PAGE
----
JBN: – Do you have an idea of what it is you’re trying to say or get across? Is it an idea or is it just something that we feel?

RA: – I never really have a preconceived idea. My extra-musical ideas usually come after the music is written. The listener will feel however they feel.

JBN: – What do you see for your extended future? You know what you have going on? You have life? If you could change one thing in the musical world and it would become a reality, what would that be?

RA: – I don’t see the future because it’s most important to live in the presence and plus I don’t control the future. I’m not sure if it’s worth thinking about trying to change something in the music world, I’d rather keep on creating. Now the business or essentially free streaming, I’d like that to go away but it will never at this point.

JBN: – Who do you find yourself listening to these days?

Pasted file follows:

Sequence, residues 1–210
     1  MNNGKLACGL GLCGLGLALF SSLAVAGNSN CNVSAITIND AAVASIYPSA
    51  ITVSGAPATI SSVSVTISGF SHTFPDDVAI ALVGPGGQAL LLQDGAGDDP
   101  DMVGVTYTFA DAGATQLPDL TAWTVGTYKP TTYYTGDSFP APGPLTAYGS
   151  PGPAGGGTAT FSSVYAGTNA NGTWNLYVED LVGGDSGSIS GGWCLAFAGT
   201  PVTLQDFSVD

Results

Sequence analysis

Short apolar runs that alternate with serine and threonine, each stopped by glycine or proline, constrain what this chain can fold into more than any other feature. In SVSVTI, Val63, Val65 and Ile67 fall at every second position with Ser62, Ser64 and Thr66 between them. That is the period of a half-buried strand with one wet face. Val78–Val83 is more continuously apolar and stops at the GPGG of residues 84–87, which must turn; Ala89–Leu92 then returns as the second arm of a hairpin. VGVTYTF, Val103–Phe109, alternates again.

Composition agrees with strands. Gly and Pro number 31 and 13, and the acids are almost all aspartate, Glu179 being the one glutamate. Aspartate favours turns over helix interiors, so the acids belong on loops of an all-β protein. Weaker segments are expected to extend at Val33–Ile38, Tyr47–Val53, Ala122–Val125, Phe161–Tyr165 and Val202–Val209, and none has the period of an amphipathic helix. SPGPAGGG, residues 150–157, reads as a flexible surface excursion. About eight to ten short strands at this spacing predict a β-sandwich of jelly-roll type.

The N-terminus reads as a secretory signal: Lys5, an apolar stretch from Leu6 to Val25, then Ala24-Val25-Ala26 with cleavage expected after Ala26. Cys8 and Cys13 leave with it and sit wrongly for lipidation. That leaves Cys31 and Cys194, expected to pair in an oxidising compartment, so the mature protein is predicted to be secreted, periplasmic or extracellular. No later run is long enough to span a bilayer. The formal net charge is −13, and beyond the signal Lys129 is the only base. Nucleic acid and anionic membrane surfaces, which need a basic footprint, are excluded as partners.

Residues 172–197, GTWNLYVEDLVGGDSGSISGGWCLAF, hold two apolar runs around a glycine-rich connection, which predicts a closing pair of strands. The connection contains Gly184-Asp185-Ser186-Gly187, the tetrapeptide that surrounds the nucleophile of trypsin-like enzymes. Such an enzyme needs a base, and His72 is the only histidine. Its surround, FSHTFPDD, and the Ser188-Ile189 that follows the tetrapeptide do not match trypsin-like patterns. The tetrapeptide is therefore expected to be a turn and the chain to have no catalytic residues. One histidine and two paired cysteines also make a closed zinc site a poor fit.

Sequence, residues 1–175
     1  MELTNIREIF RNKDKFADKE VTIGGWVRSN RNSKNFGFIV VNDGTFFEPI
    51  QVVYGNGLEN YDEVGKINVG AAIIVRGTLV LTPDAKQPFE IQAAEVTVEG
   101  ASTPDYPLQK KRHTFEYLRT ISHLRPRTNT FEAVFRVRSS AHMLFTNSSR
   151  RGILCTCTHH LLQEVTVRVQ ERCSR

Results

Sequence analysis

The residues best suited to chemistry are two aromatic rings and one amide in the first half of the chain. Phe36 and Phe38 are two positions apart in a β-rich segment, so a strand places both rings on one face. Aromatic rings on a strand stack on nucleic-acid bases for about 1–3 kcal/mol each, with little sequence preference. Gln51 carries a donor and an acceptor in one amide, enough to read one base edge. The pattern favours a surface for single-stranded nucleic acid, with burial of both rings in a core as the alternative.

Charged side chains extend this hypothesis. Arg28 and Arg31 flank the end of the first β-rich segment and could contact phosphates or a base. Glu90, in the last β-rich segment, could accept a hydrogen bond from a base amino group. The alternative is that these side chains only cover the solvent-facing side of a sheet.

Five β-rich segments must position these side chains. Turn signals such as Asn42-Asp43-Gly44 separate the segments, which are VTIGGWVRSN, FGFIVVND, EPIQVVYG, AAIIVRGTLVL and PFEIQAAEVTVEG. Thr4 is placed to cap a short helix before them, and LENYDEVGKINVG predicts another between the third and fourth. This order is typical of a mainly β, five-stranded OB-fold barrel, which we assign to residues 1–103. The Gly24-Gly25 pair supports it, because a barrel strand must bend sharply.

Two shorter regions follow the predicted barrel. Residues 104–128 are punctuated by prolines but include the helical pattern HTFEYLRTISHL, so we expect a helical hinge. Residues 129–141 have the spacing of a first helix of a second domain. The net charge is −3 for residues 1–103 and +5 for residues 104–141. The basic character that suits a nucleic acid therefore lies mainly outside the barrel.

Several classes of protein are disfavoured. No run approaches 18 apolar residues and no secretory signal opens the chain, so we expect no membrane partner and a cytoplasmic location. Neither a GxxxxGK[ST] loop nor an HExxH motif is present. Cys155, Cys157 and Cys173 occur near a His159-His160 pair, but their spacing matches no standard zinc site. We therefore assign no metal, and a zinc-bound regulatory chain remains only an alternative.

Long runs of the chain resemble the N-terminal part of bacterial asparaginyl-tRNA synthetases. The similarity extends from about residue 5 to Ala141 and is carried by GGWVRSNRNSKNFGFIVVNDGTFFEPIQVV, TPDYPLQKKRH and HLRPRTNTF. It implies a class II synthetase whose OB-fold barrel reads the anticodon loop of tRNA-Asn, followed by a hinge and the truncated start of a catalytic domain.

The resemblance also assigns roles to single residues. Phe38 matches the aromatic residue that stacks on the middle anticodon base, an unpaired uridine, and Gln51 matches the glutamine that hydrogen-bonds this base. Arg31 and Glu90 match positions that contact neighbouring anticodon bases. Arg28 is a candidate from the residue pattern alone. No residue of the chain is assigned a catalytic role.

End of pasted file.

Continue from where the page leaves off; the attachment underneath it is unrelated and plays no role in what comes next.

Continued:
RA: – A lot of solo Keith Jarrett. It’s like hearing a miniature orchestra on the piano.

JBN: – What is the message you choose to bring through your music?

RA: – I can’t really say because the music is beyond words and thoughts, at least instrumental music.

JBN: – Let’s take a trip with a time machine, so where and why would you really want to go?

RA: – 1960’s when the Coltrane quartet was in full swing, Monk was still playing and Miles groups were happening.

JBN: – I have been asking you so far, now may I have a question from yourself?

RA: – What are you listening to these days?

JBN: – A lot of things, only jazz and blues!!!

JBN: – So putting that all together, how are you able to harness that now?

RA: – All through music…

Interview by Simon Sargsyan